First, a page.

CARLSBAD — Safety and upgrades were front and center for the Carlsbad Unified School District board of trustees during its Nov. 13 meeting.
The board debated the merits of an 8-foot wrought iron fence or a wall along a boundary at Valley Middle School. Staff and neighbors spoke at the meeting saying they were “anti-wall” as a lack of vision would be detrimental.
Over at Hope Elementary, the board’s discussion focused on improvements regarding the courtyard and other areas with the addition of possible shade structures, lights, sound and an amphitheater.
The projects are part of Measure HH, the $265 million school bond passed in 2018 for massive upgrades to infrastructure and buildings to nearly every school in the district.
In the end, though, the board voted to approve the fence, 3-2, with trustees Claudine Jones and Veronica Williams voting against, and then directing district staff to analyze shade, lights and sound for Hope.
The fence at Valley was a tough decision for the board, as all five members saw the pros and cons of each barrier. At the core, though, was visibility of the students, potential drug and homeless activity and the threat of a potential shooter sliding a weapon through the fence for a clear field of fire.
Jones said her oldest daughter was attending Kelly Elementary School in 2010 when a shooter fired numerous rounds injuring two. She said the experience left her scared and noted those threats are more prevalent and growing.
On Nov. 14, two students were killed and six injured at Saugus High School in Santa Clarita after a shooting.
“Unfortunately, the need for school safety isn’t going down,” Jones said in reference to shootings (the Santa Clarita shooting happened the previous day). “This is why we went to the voters.”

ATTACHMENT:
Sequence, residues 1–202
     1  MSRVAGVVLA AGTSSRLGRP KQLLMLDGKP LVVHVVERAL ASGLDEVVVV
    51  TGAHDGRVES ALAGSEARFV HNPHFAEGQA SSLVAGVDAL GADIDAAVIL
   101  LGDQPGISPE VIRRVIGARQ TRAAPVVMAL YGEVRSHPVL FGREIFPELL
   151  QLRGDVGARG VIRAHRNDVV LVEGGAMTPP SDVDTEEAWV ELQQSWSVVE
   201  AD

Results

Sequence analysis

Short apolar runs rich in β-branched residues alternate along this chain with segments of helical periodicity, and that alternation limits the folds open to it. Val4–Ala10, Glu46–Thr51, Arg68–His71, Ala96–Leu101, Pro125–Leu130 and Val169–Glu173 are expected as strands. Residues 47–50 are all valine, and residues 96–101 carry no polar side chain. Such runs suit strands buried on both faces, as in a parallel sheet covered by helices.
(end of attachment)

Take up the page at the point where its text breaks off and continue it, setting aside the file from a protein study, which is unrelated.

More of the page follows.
Those in support of the fence — Ray Pearson, Elisa Williamson and Kathy Rallings — said, noting assessments conducted by law enforcement, a killer will find a way on to a campus regardless of its defenses.
“I went back and forth on this,” Rallings said. “We’re doing wrought iron at all the other schools and I’d ask the board why they were in favor of that?”
Physical education teacher Brandon Lascelles, who is a former police officer in New Hampshire, said the staff and neighbors were “anti-wall” as it prevents a sightline and could lead to more misbehavior and potential illegal activities off school grounds.
“The wall creates an unsafe environment,” he added. “Our main concern is student safety on and off campus.”
As for Hope, staff and parents for years have been requesting upgrades to the courtyard. One idea was an amphitheater that but was moved to an outlying edge of the property.
The reason, according to district Assistant Superintendent Chris Wright is because the courtyard also acts as a fire line. Any structure is impermissible per the Carlsbad Fire Department, he added.
A survey of staff and stakeholders, though, showed the amphitheater was the most popular and least popular item, so the board scrapped it. The amphitheater was mentioned as a way to add space to allow for large-scale assemblies and gatherings at the school.
In place, though, will be the inclusion of either shade or lights and sound. Carlsbad Unified staff are expected to bring back the item in January or February. The board only has $100,000 of bond money to spend, so it will likely be just one project for approval.